This was my first trip to Alaska, and it took a lot of research, many on this forum were helpfull. I think it shows though, that it can be done at a resonable cost, and I can't express howmuch of a great time my son and I had. We will be back!

    Knute

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    Does anyone know of any reputable guides / outfitters in this GMU 20 area? We would be open to considering moose and / or caribou here. We prefer the fly-in, wilderness, no-sign-of-human areas. In an area where none of us have been before, we think we would prefer to have at least 1 guide, especially if working for moose.

    Those of you who have been with 40-Mile Air...
    Did you have an option to move camp if the animals were not around?
    Did you see any other sign of humans or civilization once to camp?

    Thanks again all!

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    csk,
    I don't know if 40-Mile will move you. In our case, I'm sure the bull moose would be around once the rut kicked in, as the cows were present. We were dropped in on a gravel bar along the river. We made our camp on the higher ground just off the gravel bar, where others before us had made their camps. This was the only sign of human activity we saw, except for a high flying plane maybe once a day. Other groups that were waiting to fly out when we did had guides with them. Personally, I didn't want one on this trip, and I won't in the future. There is something to be said for doing it yourself, but I understand that it isn't for everyone.

    If you do decide to fly with 40-Mile, do know that they open their bookings on Dec. 1st, and only book repeat customers for the first two weeks. On Dec. 15th, they open it up for new customers for any areas that they have left. I had to wait till the later date last year to book with them. I will say, as my prior research confirmed, they are a class act of hard working pilots, and I will not hesitate to book with them again.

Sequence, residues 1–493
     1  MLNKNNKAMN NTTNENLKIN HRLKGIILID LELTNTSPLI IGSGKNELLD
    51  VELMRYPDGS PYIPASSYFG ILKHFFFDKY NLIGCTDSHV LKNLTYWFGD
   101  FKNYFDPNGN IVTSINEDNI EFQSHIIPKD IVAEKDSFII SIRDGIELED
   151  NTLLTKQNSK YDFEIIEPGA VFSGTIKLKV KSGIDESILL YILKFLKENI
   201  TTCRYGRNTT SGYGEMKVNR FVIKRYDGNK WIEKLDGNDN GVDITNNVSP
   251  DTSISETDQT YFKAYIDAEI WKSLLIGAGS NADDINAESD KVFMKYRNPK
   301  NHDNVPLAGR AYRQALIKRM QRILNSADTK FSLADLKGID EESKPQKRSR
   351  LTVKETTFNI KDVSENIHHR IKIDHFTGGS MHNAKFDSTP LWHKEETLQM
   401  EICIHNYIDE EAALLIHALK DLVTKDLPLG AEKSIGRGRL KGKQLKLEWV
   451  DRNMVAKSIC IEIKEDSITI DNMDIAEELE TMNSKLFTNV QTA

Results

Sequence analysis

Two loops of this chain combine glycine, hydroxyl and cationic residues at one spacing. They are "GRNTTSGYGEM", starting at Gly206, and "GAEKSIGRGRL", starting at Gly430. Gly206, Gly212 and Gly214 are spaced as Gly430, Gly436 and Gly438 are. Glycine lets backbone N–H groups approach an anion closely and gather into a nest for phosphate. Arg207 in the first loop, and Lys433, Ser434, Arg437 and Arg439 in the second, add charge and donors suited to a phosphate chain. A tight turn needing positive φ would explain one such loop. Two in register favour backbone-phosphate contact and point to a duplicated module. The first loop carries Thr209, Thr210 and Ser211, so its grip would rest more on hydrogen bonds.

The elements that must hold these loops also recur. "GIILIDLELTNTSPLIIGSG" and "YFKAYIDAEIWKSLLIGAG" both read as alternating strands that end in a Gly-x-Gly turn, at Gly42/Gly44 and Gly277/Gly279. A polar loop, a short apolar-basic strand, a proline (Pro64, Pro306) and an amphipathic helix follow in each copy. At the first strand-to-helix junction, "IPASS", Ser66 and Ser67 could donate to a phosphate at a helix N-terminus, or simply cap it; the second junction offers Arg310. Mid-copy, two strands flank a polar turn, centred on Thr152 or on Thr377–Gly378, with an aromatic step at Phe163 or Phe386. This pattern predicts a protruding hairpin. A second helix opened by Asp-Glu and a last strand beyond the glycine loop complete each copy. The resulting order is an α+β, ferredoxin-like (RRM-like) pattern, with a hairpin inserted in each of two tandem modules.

Knute

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    webmaster Michael Strahan's Avatar
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    Knute and bklogs;

    Thanks so much for the clarification, and your patience with my questions about your numbers. There's a lot of bad info floating around out there, and I'm very cautious when it comes to costs to our visitors from the Lower 48. It's clear you guys have done your homework and your help with this is greatly appreciated. Looks like you did a nice job putting your hunt together too!

    It might be helpful to recount your experiences going through Canada, with respect to meat, trophies and firearms. Some have had mixed results there...

    And I stand corrected on the Zones in GMUs 20 and 25! I missed that somehow, and mistakenly thought you were referring to the GMUs themselves. Oops!

    Thanks again for your patience!

    -Mike
    LOST CREEK COMPANY: Specializing in Alaska hunt consultation and planning for do-it-yourself hunts, fully outfitted hunts, and guided hunts.
    CLICK HERE to send me a private message.
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    "Dream big, and dare to fail." -Norman Vaughan